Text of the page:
Generalized Anxiety DisorderNeurotransmitters transmit information from one nerve cell to the next in the brain, and if these nerve cell pathways connect to the regions involved in thinking and emotion are not functioning normally then GAD can result. In such cases, though, medications and psychotherapies are very effective treatments.

The use and withdrawal of substances, such as benzodiazepines, alcohol, tobacco, and even caffeine can result in GAD and/or make underlying anxiety issues worse.

Other triggers can be constant sadness, trauma, physical or mental abuse, the death of a loved one, divorce, changing jobs or schools, even residing in a large city (which often means more and higher expenses, and higher stress levels), and even a supposedly joyous event (such as having a baby–postpartum depression).

Yet other triggers, or perhaps just correlations, are gender (again, GAD occurs in twice as many women as men); age (again, GAD is prevalent in children and the elderly); personality factors, especially among children (GAD more often appears in very shy or introverted children, and in those who cannot tolerate uncertainty); social factors (a lack of social connections, a feeling of a threatening environment, and being an immigrant–especially long-term, rather than recent, immigrants); and medical conditions (migraines, obstructive sleep apnea, irritable bowel syndrome, chronic fatigue syndrome and premenstrual syndrome.

Treatments are medication and therapy, with the most effective–especially for the long-term–being cognitive behavioral therapy (CBT). Prescribed medicines are usually SSRIs (selective serotonin reuptake inhibitors) which can cause nausea, diarrhea, constipation, headache, sexual dysfunction and others; benzodiazepines (which, ironically, is one of the above-mentioned triggers) which can result in drowsiness, impaired motor coordination and sense of balance; pregabalin; psychotropic drugs such as buspirone, duloxetine, imipramine, venlafaxine, afobazole, tricyclic antidepressants and some MAO inhibitors; as well as others.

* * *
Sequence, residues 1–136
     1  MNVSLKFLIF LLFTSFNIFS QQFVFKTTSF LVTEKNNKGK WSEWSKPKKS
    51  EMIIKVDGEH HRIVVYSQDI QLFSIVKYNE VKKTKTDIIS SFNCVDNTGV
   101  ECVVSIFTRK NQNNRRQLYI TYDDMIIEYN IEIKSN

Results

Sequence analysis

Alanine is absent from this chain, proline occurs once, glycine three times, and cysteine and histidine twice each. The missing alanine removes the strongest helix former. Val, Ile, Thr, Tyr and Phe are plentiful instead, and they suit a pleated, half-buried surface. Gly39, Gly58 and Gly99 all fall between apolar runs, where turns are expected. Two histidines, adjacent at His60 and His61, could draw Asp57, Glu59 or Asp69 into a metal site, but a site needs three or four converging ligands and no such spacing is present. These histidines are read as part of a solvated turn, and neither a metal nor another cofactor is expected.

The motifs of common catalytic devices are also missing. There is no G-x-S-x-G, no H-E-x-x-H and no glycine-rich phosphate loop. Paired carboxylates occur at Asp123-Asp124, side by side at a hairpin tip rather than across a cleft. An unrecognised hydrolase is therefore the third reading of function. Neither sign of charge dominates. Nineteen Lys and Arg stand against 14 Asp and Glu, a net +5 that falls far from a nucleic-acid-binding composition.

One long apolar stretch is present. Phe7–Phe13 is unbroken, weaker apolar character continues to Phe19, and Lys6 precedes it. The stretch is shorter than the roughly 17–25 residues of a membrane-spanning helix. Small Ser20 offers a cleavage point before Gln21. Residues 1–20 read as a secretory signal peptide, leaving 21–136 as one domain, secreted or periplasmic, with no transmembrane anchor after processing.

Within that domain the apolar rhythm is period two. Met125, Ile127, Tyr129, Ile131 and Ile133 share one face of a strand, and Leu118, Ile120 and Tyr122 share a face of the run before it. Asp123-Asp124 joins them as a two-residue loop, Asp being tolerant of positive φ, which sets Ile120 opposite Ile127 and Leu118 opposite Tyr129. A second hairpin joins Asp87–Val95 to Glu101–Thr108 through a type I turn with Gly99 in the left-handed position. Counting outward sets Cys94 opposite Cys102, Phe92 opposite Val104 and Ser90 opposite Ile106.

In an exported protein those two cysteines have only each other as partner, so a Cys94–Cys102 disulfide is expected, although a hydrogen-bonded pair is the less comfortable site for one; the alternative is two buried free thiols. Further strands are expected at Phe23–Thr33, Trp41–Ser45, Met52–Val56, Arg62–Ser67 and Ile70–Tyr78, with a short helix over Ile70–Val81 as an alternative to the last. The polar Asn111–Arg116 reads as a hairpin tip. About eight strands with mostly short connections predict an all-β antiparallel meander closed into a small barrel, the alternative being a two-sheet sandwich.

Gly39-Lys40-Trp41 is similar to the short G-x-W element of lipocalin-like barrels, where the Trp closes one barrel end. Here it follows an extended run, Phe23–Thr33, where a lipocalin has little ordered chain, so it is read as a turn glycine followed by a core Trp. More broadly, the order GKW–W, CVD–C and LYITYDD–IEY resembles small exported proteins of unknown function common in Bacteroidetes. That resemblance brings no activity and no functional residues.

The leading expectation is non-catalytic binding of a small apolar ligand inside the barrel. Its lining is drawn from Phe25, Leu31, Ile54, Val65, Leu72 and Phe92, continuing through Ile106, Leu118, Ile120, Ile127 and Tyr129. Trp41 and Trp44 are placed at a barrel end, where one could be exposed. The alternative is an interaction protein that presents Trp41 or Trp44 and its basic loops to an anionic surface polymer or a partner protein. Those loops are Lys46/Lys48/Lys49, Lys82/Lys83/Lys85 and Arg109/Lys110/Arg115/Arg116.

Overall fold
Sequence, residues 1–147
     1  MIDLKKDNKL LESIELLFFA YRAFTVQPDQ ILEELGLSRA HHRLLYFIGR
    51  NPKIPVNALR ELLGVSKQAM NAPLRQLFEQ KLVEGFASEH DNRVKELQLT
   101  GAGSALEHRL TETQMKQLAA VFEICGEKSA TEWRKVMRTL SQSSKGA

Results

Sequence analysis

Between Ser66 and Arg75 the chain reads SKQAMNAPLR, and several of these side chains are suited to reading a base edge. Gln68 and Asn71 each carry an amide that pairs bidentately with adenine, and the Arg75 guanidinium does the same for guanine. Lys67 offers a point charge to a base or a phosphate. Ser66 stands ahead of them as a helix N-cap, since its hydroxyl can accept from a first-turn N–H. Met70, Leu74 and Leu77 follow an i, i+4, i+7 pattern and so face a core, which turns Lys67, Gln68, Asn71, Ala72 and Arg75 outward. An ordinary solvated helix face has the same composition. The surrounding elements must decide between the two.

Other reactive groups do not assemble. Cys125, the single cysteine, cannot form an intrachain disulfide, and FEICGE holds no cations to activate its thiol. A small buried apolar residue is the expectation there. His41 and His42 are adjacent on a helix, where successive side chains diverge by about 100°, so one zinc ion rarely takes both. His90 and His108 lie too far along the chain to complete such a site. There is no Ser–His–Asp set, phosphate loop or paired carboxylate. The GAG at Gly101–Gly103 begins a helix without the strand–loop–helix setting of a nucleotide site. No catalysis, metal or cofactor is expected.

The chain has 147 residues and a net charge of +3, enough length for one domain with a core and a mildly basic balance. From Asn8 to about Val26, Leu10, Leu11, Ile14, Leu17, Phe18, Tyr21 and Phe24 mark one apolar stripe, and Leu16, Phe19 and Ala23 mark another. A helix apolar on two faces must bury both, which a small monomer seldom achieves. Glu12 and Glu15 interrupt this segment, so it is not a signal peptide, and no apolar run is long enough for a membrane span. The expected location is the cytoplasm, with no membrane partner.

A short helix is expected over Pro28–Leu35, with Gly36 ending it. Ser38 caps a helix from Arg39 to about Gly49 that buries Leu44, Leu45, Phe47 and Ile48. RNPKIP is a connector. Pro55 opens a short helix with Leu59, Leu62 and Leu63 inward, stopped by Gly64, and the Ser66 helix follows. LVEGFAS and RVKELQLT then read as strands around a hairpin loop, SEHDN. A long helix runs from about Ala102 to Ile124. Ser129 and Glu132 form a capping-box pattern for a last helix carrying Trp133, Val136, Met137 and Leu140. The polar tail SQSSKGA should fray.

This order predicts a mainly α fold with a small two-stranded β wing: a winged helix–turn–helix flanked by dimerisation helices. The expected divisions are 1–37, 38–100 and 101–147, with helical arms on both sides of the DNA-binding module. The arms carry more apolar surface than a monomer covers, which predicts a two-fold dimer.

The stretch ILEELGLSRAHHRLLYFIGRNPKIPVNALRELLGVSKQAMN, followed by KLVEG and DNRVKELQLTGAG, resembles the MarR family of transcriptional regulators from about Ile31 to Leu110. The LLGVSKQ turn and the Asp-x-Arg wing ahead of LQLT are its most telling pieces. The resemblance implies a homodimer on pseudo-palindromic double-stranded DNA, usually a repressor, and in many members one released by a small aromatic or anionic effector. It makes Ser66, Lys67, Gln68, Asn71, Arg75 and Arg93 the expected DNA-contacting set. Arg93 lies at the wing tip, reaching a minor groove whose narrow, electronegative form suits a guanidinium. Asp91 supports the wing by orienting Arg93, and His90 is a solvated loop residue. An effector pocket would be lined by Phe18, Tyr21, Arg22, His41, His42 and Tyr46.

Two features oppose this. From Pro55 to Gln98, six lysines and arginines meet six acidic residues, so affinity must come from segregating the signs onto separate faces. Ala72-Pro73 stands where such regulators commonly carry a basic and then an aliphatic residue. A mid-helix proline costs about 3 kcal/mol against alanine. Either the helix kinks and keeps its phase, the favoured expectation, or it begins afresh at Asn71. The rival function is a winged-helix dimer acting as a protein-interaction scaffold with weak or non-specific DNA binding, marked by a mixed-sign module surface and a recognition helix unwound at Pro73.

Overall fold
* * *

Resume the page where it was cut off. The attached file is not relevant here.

In addition to the above-mentioned and well-regarded cognitive behavioral therapy, there is also the Intolerance of uncertainty therapy (IUT). This focuses on helping patients tolerate, cope and accept uncertainty in their lives, and could be very effective in those above-mentioned children who cannot tolerate uncertainty.

Acceptance and commitment therapy (ACT) acts with three goals in mind:

1) reduce the use of avoidance in dealing with feelings, thoughts, memories and sensations; 2) increased use of E-prime (in which “I’m hopeless” becomes “I feel hopeless” or similar statements); 3) and reinforcing goals and commitments to it in changing behaviors. It is considered to work better in conjuction this medication.

Motivational interviewing is intended to

1) express empathy; 2) show the contrast between desired and undesired behaviors; 3) proceed to avoid direct confrontation; and 4) encourage self-sufficiency. It is sometimes used in conjunction with CBT, and there have been some studies that show that such usage is more efficient than CBT alone.

If you do have considerable GAD symptoms then do seek treatment. You do not want to be one of the 67% who do not receive such treatment.